The Camel specialises in the Cockney staple of pie and mash but it’s not pie and mash as my parents would recognise it: steak and chorizo or wild mushroom and asparagus, for example, along with Thai green curry. But the pub is saved from the horror of being ‘a gastro’ by the excellent range of cask beers: usually Crouch Vale Brewers Gold, Harveys’ Sussex Best and Sambrooks’ Wandle. There are good bottled imports, too, including the divine Sierra Nevada Pale Ale from California. Owners Matt Keniston and Joe Hill saved the once derelict pub from demolition. They have revived it with a bright and airy interior dominated by a long, sweeping mahogany bar, bright floral wallpaper and a snug at one end. Once again, there’s wartime history in the Camel: it was used as a refuge for children who weren’t evacuated from London and were left to survive the Blitz. Fittingly, the pub is close to the Museum of Childhood.

Find a quiet corner for beer and a board game in the Dove.

With the Dove, 24-28 Broadway Market, E8 (see entry), you are well into the new, gentrified East End where some people actually pronounce ‘Ackney with an H. The bar – this is definitively not a pub – is in a revived and uplifted area that includes a street market and shops proffering organic food and designer label clothes. The Dove was once a pub called the Goring Arms but now it’s a bar specialising in Belgian beer and food. There are benches and seats on the pavement and the main, spacious room at the front has ample seating, mirrors, plants and a ceiling painting based on Michaelangelo’s Creation of Adam that, on closer inspection, is an advertisement for the Belgian beer Leffe. With such an introduction, Leffe Blond and Brown are naturally on tap along with such other Belgian worthies as Boon Gueuze, De Koninck, Duvel, Palm and most of the Trappist ales, including Achel, Chimay, Orval, Rochefort and Westmalle. See the bar’s website for the full list.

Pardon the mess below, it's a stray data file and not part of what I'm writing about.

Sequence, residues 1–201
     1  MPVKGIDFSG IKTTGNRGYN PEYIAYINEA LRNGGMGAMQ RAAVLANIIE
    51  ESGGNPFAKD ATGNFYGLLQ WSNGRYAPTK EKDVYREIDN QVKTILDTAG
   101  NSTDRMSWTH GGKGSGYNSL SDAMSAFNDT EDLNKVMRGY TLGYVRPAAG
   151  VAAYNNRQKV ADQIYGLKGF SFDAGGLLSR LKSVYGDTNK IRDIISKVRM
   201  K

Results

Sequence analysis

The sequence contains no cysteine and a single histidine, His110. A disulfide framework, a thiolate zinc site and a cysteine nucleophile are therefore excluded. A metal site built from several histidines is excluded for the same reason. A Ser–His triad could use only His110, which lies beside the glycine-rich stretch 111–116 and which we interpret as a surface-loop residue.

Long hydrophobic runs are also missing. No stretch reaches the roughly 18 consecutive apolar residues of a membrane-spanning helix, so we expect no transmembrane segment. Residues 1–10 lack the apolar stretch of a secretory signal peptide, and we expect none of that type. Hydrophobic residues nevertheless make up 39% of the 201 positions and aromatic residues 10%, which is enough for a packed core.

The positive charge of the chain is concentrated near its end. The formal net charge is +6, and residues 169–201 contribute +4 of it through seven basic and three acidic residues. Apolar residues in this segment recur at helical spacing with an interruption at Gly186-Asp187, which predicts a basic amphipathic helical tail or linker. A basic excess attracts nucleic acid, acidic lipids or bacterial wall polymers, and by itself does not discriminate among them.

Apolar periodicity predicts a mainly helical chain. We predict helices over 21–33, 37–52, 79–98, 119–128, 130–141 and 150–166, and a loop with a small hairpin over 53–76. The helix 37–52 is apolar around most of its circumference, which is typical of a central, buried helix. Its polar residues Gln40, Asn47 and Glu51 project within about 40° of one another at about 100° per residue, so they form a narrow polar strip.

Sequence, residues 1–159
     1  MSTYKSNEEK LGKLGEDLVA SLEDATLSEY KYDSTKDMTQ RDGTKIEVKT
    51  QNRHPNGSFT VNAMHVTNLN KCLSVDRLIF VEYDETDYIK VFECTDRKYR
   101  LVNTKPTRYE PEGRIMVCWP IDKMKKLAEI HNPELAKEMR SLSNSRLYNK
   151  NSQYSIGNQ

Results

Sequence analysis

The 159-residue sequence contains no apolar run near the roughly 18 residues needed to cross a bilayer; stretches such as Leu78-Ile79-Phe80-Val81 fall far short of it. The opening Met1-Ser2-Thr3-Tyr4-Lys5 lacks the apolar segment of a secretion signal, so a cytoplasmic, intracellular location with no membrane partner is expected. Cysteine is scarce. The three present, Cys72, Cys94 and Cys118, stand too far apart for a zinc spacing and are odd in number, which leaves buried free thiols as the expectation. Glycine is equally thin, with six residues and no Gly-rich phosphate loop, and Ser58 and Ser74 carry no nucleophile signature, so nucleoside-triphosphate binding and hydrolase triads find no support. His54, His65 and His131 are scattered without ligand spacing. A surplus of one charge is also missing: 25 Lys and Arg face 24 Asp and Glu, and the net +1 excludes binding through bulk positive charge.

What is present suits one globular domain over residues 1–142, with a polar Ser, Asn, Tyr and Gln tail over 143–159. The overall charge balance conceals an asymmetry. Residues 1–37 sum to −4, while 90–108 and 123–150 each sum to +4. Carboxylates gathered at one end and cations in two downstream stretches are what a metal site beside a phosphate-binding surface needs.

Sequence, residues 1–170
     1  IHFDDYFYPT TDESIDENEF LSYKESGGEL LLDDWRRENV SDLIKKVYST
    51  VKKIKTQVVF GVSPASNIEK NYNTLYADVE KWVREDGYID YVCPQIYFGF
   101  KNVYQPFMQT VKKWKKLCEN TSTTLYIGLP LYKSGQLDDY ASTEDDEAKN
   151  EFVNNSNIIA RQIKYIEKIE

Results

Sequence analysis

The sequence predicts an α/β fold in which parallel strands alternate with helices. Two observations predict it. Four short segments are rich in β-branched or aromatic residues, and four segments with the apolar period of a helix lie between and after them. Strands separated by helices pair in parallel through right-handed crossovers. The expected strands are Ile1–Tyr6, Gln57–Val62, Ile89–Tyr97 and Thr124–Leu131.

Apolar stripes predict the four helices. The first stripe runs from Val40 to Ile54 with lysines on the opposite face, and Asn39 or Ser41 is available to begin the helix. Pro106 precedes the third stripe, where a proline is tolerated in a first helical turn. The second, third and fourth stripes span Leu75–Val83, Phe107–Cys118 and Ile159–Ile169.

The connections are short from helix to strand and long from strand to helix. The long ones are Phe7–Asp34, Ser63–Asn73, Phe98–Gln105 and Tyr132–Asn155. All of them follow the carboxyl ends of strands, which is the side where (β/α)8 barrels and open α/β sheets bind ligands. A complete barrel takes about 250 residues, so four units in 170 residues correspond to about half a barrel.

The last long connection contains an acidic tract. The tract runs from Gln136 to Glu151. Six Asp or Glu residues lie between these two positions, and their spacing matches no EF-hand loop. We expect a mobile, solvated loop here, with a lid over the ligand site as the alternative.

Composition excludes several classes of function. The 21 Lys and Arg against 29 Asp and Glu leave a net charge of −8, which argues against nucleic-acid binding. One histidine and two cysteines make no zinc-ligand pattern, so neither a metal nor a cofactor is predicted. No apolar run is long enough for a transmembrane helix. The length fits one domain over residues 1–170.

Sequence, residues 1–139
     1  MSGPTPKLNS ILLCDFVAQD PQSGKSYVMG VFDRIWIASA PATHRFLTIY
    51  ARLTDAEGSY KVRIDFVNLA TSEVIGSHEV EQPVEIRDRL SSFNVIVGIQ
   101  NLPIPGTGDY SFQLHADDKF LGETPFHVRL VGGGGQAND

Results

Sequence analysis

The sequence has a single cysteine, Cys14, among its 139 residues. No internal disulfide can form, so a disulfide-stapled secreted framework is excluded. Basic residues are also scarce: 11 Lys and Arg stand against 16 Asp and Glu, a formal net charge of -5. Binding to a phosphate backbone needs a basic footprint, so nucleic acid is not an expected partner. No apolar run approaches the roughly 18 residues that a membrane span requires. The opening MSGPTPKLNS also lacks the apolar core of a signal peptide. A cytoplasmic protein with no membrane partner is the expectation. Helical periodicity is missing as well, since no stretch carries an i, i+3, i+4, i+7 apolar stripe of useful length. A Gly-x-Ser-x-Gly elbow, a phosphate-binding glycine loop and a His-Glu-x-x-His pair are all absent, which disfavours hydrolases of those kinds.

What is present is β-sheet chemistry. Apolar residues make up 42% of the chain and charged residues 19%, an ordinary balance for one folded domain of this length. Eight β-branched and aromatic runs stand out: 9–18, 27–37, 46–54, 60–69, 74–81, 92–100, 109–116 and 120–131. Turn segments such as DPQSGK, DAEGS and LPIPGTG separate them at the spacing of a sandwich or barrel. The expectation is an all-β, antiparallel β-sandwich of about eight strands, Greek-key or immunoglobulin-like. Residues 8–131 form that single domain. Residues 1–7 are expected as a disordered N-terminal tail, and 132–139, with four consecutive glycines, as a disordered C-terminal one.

A little corner of Belgium in the East End.

But there is also a good range of British cask beers, including Black Hole Cosmic, Crouch Vale Brewers Gold, Grantham Gold, a rare sighting of Flowers IPA, Tim Taylor Landlord and Whitstable East India Pale Ale. If you stroll further into the Dove you’ll find a warren of smaller rooms where subdued lighting, comfortable seating and wall panelling are reminiscent of bars in Bruges or Ghent. A corridor takes you to further rooms set aside for dining. One is decorated with Japanese beer prints, a second has photos of old Thailand. The food, however, offers such Belgian staples as carbonade flamande, fish soup and mussels and chips, plus vegetable cassoulet for non-flesh eaters. You can reach this imaginative addition to the drinking scene in East London from Hackney Central rail station, just three stops from Stratford.